The Van Trump Report

Gene Discovery Could Protect Sorghum Crops From Yield-Killing Anthracnose Infections

Sorghum growers may soon have new cultivars that protect against “anthracnose,” a fungal disease that can inflict devastating yield losses of up to 50%. Researchers from the USDA’s Agricultural Research Service (ARS) and Purdue University have discovered a gene that can help fortify the cereal crop against anthracnose, opening the door to disease-resistant cultivars.

Sorghum is the fifth-most widely grown cereal crop in the world, and for good reasons. It is  a valuable source of human food, providing 12 essential nutrients while also being gluten free. Sorghum is also an important forage for livestock and feedstock for biofuels. Most varieties are incredibly drought- and heat-tolerant, as well as nitrogen-efficient, qualities that have made it especially important in arid and semi-arid regions, where the grain is one of the staples for poor and rural people.

“It is a very resilient plant in many ways, but fungal diseases can wipe it out,” Tesfaye Mengiste, a professor and interim head of Purdue’s Department of Botany and Plant Pathology said. “Anthracnose is one of the most significant of these pathogens and attacks all parts of the plant: leaves, stalk and head. It leaves nothing that can be used for food, its primary use in Africa; or biofuels and animal feed, its uses in the United States.”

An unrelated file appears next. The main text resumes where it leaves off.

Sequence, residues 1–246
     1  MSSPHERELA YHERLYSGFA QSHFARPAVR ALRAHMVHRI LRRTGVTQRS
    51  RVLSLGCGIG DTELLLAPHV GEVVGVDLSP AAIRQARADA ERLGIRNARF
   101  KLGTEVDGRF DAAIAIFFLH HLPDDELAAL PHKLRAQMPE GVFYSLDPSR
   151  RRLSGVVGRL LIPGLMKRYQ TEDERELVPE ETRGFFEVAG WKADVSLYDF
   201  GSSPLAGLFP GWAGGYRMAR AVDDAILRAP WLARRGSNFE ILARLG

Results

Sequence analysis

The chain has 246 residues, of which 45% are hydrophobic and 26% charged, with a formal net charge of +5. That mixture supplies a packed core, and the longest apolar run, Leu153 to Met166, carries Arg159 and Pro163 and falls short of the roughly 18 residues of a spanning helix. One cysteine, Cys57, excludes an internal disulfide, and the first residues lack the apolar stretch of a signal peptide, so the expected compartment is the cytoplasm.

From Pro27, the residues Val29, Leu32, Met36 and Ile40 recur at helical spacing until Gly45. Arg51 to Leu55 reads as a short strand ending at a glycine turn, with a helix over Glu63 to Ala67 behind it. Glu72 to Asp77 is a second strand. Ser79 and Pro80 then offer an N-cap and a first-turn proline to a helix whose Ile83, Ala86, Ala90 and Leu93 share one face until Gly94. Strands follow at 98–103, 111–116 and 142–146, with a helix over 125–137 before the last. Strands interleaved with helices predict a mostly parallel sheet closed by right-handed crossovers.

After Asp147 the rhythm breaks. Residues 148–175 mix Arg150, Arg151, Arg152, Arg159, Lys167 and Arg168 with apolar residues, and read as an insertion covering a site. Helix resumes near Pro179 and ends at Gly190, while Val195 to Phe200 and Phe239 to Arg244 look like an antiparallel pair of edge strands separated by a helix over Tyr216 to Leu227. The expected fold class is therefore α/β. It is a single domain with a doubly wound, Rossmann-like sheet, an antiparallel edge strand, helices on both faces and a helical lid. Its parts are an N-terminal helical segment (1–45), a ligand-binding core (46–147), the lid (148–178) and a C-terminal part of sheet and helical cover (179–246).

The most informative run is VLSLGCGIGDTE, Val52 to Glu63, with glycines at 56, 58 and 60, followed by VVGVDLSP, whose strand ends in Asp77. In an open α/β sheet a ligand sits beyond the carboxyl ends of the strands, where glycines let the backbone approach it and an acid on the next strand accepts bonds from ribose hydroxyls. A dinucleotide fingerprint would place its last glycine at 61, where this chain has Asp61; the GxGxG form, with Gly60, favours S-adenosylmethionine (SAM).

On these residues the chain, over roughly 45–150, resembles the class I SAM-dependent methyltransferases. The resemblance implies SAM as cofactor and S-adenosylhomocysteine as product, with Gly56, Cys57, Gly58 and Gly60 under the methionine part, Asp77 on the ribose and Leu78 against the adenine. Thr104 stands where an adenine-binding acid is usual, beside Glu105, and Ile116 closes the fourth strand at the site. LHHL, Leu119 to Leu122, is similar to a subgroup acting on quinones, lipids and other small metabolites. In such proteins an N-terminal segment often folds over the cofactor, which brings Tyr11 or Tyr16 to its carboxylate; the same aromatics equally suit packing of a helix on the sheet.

Genetic-based disease resistance is the most effective and sustainable approach to combating anthracnose. However, natural resistance has been poorly understood and can be impacted by high temperatures, potentially leaving crops unprotected above a certain threshold.

Now, Purdue University scientists, led by Demeke Mewa, have discovered a new gene, known as “Anthracnose Resistance Gene 2” (ARG2), that could provide disease-resistance. It works by orchestrating a series of defense responses to early infection by the anthracnose fungus, preventing its spread to the rest of the plant and grain heads. Resistance also remained stable when plants carrying the gene were exposed to temperatures of 100 degrees Fahrenheit.

The researchers note that ARG2 did not effectively protect sorghum from all races (types) of anthracnose. However, they believe combining ARG2 with other similar genes – either through breeding or genetic tweaking – will help broaden the protections. (Sources: USDA,

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